Sephardic Jews Sephardi Jews, also known as Sephardic Jews, ''Sephardim'',, Modern Hebrew: ''Sefaraddim'', Tiberian Hebrew, Tiberian: Səp̄āraddîm, also , ''Ye'hude Sepharad'', lit. "The Jews of Spain", es, Judíos sefardíes (or ), pt, Judeus sefarditas ...
, who had originally been expelled from the
Iberian peninsula The Iberian Peninsula , ** * Aragonese Aragonese or Aragones may refer to: * Something related to Aragon, an autonomous community and former kingdom in Spain * the Aragonese people, those originating from or living in the historical region ...

Iberian peninsula
, to end up in
Dutch Brazil Dutch Brazil, also known as New Holland, was the northern portion of the Portuguese colony of Brazil Brazil ( pt, Brasil; ), officially the Federative Republic of Brazil (Portuguese: ), is the largest country in both and . At 8.5 mil ...
. As the effects of the new crop increased, so did the shift in the ethnic composition of Barbados and surrounding islands. The workable sugar plantation required a large investment and a great deal of heavy labour. At first, Dutch traders supplied the equipment, financing, and enslaved Africans, in addition to transporting most of the sugar to Europe. In 1644 the population of Barbados was estimated at 30,000, of which about 800 were of African descent, with the remainder mainly of English descent. These English smallholders were eventually bought out and the island filled up with large sugar plantations worked by enslaved Africans. By 1660 there was near parity with 27,000 blacks and 26,000 whites. By 1666 at least 12,000 white smallholders had been bought out, died, or left the island, many choosing to emigrate to
Jamaica Jamaica (; ) is an island country An island country or an island nation is a country A country is a distinct territory, territorial body or political entity. It is often referred to as the land of an individual's birth, residence or ...

Jamaica
or the
American Colonies#REDIRECT American colonies
{{Redirect category shell, {{R from ambiguous term {{R unprintworthy ...
(notably the Carolinas). As a result, Barbados enacted a slave code as a way of legislatively controlling its black enslaved population. The law's text was influential in laws in other colonies.Sweet Negotiations: Sugar, Slavery, and Plantation Agriculture in Early Barbados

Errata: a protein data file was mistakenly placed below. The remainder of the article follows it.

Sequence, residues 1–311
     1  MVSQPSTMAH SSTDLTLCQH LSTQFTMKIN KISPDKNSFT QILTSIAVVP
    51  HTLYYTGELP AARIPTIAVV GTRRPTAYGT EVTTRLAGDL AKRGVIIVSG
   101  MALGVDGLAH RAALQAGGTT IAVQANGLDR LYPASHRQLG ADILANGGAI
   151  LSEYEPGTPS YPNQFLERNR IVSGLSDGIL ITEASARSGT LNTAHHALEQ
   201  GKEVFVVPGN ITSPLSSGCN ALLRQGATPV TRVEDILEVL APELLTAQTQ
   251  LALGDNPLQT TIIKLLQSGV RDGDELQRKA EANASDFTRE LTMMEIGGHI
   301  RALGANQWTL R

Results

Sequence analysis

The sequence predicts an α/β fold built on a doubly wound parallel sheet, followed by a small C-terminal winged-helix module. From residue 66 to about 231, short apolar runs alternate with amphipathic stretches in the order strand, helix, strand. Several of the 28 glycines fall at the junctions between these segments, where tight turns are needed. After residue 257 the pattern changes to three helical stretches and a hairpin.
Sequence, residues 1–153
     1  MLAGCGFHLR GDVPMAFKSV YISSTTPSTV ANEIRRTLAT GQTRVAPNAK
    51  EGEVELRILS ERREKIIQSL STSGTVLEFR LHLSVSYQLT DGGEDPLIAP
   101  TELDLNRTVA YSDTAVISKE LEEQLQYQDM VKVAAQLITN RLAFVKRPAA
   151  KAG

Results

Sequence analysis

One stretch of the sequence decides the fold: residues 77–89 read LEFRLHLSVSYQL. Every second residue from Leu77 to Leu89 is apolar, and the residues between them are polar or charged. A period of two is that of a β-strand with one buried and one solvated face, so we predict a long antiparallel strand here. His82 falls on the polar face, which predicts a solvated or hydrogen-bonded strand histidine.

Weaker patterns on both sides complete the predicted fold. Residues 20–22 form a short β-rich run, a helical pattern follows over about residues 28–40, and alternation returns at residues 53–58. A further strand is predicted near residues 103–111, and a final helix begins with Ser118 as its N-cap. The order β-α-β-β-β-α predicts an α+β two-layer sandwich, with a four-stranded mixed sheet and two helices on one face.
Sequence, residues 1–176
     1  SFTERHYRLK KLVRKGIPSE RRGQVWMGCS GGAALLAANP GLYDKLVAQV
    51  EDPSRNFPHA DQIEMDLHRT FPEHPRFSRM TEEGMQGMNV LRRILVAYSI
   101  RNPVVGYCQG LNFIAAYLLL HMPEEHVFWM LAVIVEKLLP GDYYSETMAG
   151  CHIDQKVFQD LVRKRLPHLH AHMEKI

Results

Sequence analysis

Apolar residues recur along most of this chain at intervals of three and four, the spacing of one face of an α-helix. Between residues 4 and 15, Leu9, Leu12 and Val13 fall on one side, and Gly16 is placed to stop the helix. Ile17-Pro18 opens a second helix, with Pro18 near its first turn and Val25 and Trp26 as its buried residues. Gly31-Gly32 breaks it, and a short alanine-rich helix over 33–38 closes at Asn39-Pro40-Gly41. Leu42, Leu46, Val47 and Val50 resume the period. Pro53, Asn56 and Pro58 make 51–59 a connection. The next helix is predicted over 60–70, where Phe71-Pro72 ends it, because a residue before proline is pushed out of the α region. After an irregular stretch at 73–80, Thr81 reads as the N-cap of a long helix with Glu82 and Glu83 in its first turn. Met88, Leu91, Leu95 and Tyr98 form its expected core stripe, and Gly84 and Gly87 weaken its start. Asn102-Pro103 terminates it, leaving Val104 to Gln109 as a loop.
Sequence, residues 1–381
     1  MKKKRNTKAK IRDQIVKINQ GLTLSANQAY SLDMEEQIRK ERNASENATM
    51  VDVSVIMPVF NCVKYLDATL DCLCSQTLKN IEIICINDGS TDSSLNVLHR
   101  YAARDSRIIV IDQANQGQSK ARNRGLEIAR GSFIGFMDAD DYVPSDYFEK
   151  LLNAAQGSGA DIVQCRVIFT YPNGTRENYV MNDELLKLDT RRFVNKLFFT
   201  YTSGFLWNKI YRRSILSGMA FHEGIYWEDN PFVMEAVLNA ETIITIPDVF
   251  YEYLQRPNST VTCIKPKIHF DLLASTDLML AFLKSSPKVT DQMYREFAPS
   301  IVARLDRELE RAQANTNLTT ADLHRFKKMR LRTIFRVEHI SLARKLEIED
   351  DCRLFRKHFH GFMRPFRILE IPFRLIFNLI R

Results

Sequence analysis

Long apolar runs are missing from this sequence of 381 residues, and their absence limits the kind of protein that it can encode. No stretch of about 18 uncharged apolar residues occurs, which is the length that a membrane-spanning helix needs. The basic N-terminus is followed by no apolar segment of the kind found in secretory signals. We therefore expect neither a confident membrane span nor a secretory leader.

Chapter 6 ''The Expansion of Barbados'', p. 112
By 1680 there were 20,000 free whites and 46,000 enslaved Africans; by 1724, there were 18,000 free whites and 55,000 enslaved Africans.


18th and 19th centuries

The harsh conditions endured by the slaves resulted in several planned slave rebellions, the largest of which was
Bussa's rebellion Bussa's rebellion (14–16 April 1816) was the largest slave revolt in Barbadian history. The rebellion takes its name from the African-born slave, Bussa, who led the rebellion which was defeated by British Army, British forces. Bussa's Rebelli ...
in 1816 which was suppressed by British troops. Growing opposition to slavery led to its abolition in the British Empire in 1833. The plantocracy class retained control of political and economic power on the island, with most workers living in relative poverty. The 1780 hurricane killed over 4,000 people on Barbados. In 1854, a
cholera Cholera is an infection An infection is the invasion of an organism's body by , their multiplication, and the reaction of tissues to the infectious agents and the s they produce. An infectious disease, also known as a transmissible disea ...

cholera
epidemic killed over 20,000 inhabitants.


20th century – colonial period

Deep dissatisfaction with the situation on Barbados led many to emigrate. Things came to a head in the 1930s during the
Great Depression The Great Depression was a severe worldwide economic depression An economic depression is a sustained, long-term downturn in economic activity in one or more economies. It is a more severe economic downturn than a economic recession, recess ...
, as Barbadians began demanding better conditions for workers, the legalisation of trade unions and a widening of the franchise, which at that point was limited to male property owners. As a result of the increasing unrest the British sent a commission (The West Indies Royal Commission, or Moyne Commission) in 1938, which recommended enacting many of the requested reforms on the islands. As a result, Afro-Barbadians began to play a much more prominent role in the colony's politics, with universal suffrage being introduced in 1950. Prominent among these early activists was
Grantley Herbert Adams Sir Grantley Herbert Adams, CMG, QC (28 April 1898 – 28 November 1971), was a Barbadian and British West Indian statesman. Adams was a founder of the Barbados Labour Party (BLP), and he was named in 1998 as one of the Barbadian National Her ...
, who helped found the
Barbados Labour Party The Barbados Labour Party (BLP) or ''Bees'' is the main party of government of Barbados Barbados is an in the of the , in the region of , and the most easterly of the Caribbean Islands. It is in length and up to in width, covering ...